Two weeks off.  I used so much sick leave for my eye surgeries last year that I have to use some "annual" leave this month or lose it.  It's been very cold for Florida, hat & coat weather, but I have to move or my mind stagnates.

Back to my Canon S90 here.  Far superior to my Droid Mini's camera, and no more trouble to carry.

Sarasota & Country Club Drive; built in the 1920's.

Northeast perimeter of the golf course.

Where to send your golf ball.

Houses facing Old Fort Park at Seminole & Maple

House at Azalea Dr. & Alban Ave.

Ferns in my yard after a hard freeze.


Review and Book List for the Iraq & Afghan Wars

Michio Kakutani has published an interesting round-up in the New York Times of recent reportage, memoirs and fiction about the wars in Iraq and Afghanistan, Human Costs of the Forever Wars, Enough to Fill a Bookshelf, accompanied by, A Reading List of Modern War Stories.
Even as the wars in Iraq and Afghanistan morph into shapeless struggles with no clear ends in sight, they have given birth to an extraordinary outpouring of writing that tries to make sense of it all: journalism that has unraveled the back story of how and why America went to war, and also a profusion of stories, novels, memoirs and poems that testify to the day-to-day realities and to the wars’ ever-unspooling human costs.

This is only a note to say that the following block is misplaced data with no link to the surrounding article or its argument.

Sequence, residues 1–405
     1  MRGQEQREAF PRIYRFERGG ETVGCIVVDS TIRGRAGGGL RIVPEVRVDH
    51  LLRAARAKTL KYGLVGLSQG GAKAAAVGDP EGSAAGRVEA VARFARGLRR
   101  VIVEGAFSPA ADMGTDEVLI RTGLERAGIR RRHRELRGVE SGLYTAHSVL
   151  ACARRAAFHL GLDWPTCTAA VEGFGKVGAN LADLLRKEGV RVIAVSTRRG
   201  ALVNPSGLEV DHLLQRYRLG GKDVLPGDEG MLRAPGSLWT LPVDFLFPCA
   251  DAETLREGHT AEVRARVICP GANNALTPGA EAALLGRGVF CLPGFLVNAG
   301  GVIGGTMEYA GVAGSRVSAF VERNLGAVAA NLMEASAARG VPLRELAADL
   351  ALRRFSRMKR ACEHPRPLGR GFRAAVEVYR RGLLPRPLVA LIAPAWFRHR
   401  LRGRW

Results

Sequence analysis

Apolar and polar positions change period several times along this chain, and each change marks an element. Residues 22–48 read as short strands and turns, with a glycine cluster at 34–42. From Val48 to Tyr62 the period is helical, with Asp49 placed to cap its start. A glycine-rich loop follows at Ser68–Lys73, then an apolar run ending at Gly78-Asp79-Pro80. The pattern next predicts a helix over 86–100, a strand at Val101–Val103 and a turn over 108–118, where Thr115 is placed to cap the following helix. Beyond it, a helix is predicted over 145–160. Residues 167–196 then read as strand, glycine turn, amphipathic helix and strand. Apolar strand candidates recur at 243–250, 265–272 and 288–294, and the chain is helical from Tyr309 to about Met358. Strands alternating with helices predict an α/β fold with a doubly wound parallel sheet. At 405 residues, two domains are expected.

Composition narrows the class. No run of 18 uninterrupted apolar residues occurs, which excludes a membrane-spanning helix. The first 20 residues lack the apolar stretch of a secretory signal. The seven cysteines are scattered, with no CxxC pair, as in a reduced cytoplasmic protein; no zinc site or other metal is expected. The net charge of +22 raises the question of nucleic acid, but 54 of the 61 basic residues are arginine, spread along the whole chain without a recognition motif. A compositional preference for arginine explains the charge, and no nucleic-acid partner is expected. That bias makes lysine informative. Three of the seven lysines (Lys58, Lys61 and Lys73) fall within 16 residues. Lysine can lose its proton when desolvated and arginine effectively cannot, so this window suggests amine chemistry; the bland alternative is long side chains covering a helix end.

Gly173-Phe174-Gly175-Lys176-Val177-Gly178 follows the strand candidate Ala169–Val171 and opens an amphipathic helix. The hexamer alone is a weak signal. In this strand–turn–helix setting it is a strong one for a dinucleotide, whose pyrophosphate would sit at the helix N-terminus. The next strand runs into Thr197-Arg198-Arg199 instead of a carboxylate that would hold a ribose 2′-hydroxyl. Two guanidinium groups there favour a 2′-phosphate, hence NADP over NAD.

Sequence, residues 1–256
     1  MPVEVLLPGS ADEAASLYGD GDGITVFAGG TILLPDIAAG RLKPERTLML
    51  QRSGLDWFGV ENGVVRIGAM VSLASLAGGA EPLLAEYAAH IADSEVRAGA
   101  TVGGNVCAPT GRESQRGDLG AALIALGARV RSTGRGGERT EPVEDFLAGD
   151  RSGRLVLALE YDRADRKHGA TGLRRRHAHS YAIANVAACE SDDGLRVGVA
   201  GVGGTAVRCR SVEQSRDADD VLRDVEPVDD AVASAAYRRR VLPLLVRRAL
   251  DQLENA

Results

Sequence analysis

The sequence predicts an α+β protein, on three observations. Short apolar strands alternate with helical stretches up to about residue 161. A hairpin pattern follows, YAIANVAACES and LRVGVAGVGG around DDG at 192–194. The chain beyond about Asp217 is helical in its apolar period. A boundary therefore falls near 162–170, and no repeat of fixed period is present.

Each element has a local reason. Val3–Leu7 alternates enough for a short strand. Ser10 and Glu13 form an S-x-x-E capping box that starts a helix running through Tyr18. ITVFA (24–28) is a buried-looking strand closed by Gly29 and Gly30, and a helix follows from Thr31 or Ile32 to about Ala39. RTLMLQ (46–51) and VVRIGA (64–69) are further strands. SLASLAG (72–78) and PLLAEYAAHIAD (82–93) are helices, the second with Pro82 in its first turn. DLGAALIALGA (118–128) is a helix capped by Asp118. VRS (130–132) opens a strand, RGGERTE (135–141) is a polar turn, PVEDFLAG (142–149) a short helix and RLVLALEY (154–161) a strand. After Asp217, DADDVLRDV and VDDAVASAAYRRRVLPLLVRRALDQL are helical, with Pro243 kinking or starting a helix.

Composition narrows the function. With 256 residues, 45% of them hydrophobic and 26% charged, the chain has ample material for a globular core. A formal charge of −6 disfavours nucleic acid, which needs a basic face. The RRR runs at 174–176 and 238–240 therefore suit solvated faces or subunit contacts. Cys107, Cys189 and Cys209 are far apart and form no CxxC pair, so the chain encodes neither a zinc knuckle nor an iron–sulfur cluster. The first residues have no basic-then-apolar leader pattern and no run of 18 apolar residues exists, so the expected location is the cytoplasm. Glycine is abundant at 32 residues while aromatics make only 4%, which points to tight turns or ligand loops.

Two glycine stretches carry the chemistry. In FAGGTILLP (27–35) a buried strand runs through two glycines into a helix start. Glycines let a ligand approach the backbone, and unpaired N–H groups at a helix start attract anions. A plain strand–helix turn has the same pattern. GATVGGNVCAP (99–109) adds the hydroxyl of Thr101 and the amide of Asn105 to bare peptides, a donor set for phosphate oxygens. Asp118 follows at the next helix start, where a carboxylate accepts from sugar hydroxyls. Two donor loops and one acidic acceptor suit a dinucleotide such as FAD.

The reading list is not exhaustive, but would make a good start for a library display.  In my library, war displays tend to appear twice a year, for Memorial Day and Veterans Day.  This past summer we put up a special display for the one-hundredth anniversary of World War I, which moved pretty well.  But I am not sure how an Iraq & Afghan Wars display would be received.

I struggled over whether, and then how, to post these links, but they were clearly good material.  And the books themselves delineate better that I ever could the tragedy of these wars.  Would our readers pick them up?

I remember the time we tried a display on some anniversary of the 9/11 World Trade Center attack.  I don't think a single book was checked out.


Seeing Again & Old Newspapers

After a couple of years of deteriorating vision, and five eye surgeries over the last 14 months for cataracts and corneal transplants, I can at last see again!  For a librarian, this is a pretty big deal.  Add to this my recent acquisition of a smartphone with a decent camera, and I find I'd rather share pictures than write.

Our little Christmas tree
Fried cheese-grits, ham & egg, a Southern man's delight.
This was a black A.M.E. church, across the street from the library, now the offices of a non-profit org.  An ancient mossy live oak tree in front.